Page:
With media servers, 30 or 40 channels per fixture aren't enough anymore. A media server can easily require hundreds of channels simultaneously. Consider a modest sized lighting rig of 100 digital lights with integrated media servers, and you could be looking at 30,000 control channels or more! Suddenly, DMX-512 isn't looking like such a good idea. Those channels aren't all LTP either. Some are parameters such as brightness and transparency, which you could readily argue could be dealt with as HTP. Although there are ways to work around the huge increase in channels (such as splitting a media server up into its component layers and treating these as separate logical fixtures), these are not good long-term solutions. In many respects, we are back in 1985 looking at a moving light and our three-preset manual console wondering how on earth we are going to make it all work.


In addition to the obvious physical problems of controlling something like a High End Systems Catalyst, Martin Maxedia, or Green Hippo's Hippotizer from a normal lighting console and paging through hundreds of control channels, there is the additional concern of being able to see what you are doing. A lighting designer, when faced with a new moving light, might ask the console operator to “show me all the gobos, and let's see what we've got.” Try that technique with a fully loaded media server, and you'll be there for many hours, if not days. That approach simply doesn't work any more.

Even before he starts, a designer will need a very good idea of the looks he wants and the content available when using a media server. In fact, he is likely to spend some time working with a graphic artist creating content of his own. Designers have always created custom gobos, and this takes that process to a much higher level. Even more importantly, once the content is in place, the designer will need a control surface that allows much easier access to that content in a very visual way. Working with names and numbers is going to be too slow and inappropriate for this highly visual medium. A whole new highly visual language and interface needs to be developed to match.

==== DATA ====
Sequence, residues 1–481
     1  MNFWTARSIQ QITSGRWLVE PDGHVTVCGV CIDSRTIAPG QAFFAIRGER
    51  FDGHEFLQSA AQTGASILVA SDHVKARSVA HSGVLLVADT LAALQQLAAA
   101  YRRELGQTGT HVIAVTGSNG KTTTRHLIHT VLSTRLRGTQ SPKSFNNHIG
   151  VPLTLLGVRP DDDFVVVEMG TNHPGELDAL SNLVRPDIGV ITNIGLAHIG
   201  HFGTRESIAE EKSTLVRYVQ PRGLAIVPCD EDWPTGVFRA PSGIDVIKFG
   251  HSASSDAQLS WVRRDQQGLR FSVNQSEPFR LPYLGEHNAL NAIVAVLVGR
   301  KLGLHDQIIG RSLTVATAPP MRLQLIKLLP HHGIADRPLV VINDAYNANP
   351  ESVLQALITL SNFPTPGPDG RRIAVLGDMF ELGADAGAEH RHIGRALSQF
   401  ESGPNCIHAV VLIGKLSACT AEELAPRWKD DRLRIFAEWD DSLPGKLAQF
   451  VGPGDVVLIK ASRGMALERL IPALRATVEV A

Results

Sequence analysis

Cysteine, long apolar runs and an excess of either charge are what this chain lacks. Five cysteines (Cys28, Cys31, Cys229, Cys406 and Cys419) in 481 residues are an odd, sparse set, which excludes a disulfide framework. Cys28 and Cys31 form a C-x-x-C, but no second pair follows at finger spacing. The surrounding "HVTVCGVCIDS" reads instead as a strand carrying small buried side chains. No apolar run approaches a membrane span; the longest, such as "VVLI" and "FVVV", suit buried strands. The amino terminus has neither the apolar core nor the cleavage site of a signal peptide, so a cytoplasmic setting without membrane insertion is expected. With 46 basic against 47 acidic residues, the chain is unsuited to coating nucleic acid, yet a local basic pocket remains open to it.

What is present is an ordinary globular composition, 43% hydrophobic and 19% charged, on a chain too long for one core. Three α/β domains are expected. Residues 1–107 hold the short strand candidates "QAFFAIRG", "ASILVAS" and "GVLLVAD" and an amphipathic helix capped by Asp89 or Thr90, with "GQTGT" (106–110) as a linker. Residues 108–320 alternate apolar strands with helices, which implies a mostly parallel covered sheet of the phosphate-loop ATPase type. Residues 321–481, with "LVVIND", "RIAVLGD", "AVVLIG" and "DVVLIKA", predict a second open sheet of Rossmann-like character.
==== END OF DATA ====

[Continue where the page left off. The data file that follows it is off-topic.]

As an aside, the Jands Vista is an interesting development. Although designed for moving lights, the visual interface with its multiple overlapping timelines may turn out to be appropriate for controlling multiple banks of LEDs or media servers. The look and feel of this console is very different from what we have become used to in the last 10 years. The learning curve is thus quite steep, but thankfully, relatively short, and the very visual interface may lend itself to working with visual media.


The scariest (and perversely, the most exciting) part is that we have just started to scratch the surface. The introduction of integrated products such as the long awaited High End Systems DL.2, where the media server is part of the lighting fixture, brings with it an exciting level of creative opportunity but also an escalation of concerns about control and media content management. Now, we do not just have one or two media servers next to the lighting console where you can reach across and load new content. Instead, we have perhaps 50 of these in the rig where we have no access at all without climbing the truss or getting out the Genie lift. How do you get new content into the servers? How do you make sure they've all got the right content? And, just as importantly, how do you make sure copyrighted content is removed successfully when the show is over?